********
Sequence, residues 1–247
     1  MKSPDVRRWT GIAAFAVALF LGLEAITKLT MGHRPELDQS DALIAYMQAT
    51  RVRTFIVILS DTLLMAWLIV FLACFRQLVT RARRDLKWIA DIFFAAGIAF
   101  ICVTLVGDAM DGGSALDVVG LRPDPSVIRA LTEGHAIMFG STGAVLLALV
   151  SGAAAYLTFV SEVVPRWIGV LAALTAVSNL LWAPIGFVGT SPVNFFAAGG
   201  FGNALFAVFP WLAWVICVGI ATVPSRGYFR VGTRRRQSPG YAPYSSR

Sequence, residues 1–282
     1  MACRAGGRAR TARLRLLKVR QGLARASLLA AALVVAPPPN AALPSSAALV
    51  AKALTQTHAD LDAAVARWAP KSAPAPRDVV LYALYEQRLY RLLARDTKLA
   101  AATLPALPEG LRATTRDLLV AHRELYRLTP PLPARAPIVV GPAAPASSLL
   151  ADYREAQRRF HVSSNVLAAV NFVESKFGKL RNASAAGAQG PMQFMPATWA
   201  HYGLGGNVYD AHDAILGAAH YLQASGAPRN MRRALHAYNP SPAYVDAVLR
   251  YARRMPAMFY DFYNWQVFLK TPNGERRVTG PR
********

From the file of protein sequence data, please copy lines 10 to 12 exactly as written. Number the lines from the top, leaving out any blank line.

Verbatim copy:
   101  AATLPALPEG LRATTRDLLV AHRELYRLTP PLPARAPIVV GPAAPASSLL
   151  ADYREAQRRF HVSSNVLAAV NFVESKFGKL RNASAAGAQG PMQFMPATWA
   201  HYGLGGNVYD AHDAILGAAH YLQASGAPRN MRRALHAYNP SPAYVDAVLR